Simply clicking the “Shakespeare” link on The Literature Page will take you to a page full of links to his plays. The plays are organized in chronological order with the year of each play’s publication listed, which can be a helpful reference to have available if you’re writing about more than one Shakespeare play in a paper. Like Project Gutenberg, you are easily able to copy and paste lines from the text.

5) Google Books

While you can only preview certain books on Google Books, you are able to read several public domain books in their entirety—including those written by William Shakespeare. All you need to do is search for a play like The Merchant of Venice and check “Full view” from the first dropdown menu at the top of the search results. You will see many different editions, some with informative notes and annotations. You can also search each work for certain words or phrases, which is very useful when it comes to breaking down Shakespeare’s poetic language in an essay.

6) The Complete Works of William Shakespeare

The Complete Works of William Shakespeare is the Web’s first edition of Shakespeare’s plays and poetry, dating all the way back to 1993. It is extremely simple to navigate the four categories of Comedy, History, Tragedy, and Poetry from the site’s main page. This is another site where you can copy and paste lines into your papers, and jump to specific scenes or sonnets.

7) SparkNotes

You probably remember SparkNotes from your high school days—it’s a fantastic learning tool that summarizes chapters of classic books in ways that are easy to digest and it delves deep into the characters, literary devices, and more. There is a “Shakespeare” link right on SparkNotes’ main page. The site’s “No Fear Shakespeare” feature includes the full text of the Bard’s plays and sonnets alongside translations written in modern English. Something like this is invaluable to a reader who is having trouble grasping the old-fashioned language. Each work comes with a handy Study Guide, and plays like Hamlet and Macbeth even include graphic novel versions you can read on the site.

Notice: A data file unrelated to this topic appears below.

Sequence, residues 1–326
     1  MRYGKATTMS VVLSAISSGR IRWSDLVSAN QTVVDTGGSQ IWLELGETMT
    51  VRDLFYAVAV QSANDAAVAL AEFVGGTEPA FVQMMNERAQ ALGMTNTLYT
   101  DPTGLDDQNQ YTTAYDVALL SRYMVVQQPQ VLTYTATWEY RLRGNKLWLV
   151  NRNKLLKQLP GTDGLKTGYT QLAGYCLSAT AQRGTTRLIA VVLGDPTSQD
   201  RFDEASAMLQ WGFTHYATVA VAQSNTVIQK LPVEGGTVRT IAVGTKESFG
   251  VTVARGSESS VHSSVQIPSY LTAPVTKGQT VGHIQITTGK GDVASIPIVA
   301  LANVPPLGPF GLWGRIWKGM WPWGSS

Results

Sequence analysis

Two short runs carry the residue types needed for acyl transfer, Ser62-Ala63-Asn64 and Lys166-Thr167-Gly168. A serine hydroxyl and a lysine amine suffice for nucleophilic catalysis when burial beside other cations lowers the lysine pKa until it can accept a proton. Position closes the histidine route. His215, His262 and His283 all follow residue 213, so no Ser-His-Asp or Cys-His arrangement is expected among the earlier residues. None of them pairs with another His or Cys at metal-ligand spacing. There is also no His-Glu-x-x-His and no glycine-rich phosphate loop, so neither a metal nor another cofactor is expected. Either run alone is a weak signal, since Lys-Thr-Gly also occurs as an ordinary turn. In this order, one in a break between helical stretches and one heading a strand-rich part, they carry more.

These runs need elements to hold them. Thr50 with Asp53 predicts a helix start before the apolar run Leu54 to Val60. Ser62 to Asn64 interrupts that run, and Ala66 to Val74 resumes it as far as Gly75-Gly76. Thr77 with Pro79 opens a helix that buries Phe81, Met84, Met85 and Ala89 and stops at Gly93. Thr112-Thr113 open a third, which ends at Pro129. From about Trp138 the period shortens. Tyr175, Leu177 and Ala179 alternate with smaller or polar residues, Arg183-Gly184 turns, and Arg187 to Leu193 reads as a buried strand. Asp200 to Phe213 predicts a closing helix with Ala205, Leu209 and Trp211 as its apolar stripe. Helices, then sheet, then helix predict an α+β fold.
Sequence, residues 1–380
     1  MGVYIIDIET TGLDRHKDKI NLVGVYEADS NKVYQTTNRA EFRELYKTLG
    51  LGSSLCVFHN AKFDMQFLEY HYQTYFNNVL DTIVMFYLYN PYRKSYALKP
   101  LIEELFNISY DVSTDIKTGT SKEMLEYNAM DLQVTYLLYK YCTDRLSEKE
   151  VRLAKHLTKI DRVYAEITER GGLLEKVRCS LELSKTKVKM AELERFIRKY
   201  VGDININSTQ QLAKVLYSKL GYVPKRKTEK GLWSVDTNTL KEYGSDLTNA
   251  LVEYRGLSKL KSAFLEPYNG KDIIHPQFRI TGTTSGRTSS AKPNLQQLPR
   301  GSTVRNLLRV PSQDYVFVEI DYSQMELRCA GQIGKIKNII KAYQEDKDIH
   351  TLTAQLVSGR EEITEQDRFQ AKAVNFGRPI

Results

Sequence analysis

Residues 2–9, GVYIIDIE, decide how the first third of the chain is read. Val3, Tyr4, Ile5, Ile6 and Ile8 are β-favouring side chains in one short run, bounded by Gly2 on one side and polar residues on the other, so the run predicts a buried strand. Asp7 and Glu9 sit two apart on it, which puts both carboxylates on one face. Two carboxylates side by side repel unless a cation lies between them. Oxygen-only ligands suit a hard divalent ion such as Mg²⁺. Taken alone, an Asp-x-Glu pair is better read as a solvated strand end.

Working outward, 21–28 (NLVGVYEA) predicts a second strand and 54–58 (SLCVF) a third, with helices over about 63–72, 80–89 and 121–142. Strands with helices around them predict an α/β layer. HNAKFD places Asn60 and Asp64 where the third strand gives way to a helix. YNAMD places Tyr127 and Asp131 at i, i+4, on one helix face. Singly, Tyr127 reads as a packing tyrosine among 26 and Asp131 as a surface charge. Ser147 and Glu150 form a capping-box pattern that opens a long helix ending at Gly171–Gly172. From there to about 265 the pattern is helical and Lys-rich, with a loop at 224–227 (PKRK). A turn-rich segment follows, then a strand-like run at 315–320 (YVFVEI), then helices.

8) myShakespeare

Like the other sites on this list, myShakespeare allows you to read several Shakespearean plays for free online. But this site also includes a ton of fun extras that will further enrich your learning experience. myShakespeare offers videos of interviews with each play’s characters, performances of key scenes, and animated videos to explore the plays’ historical contexts. You can listen to audio readings of each scene as well. If you sign up for a free account, you’ll have access to multiple-choice and written response questions that will test your comprehension as you read. You can also highlight and annotate the text.

Author’s Bio: Jillian Karger was born in Ohio but has lived in and around New York City for over a decade. Since graduating from NYU in 2009, Jill has had a long string of jobs doing things like scouting books to be adapted for film and researching trivia questions for “Who Wants to Be a Millionaire”.

She has done freelance writing as well for sites like, and had her Twitter jokes featured on BuzzFeed and Jill has also self-published two novels on Amazon (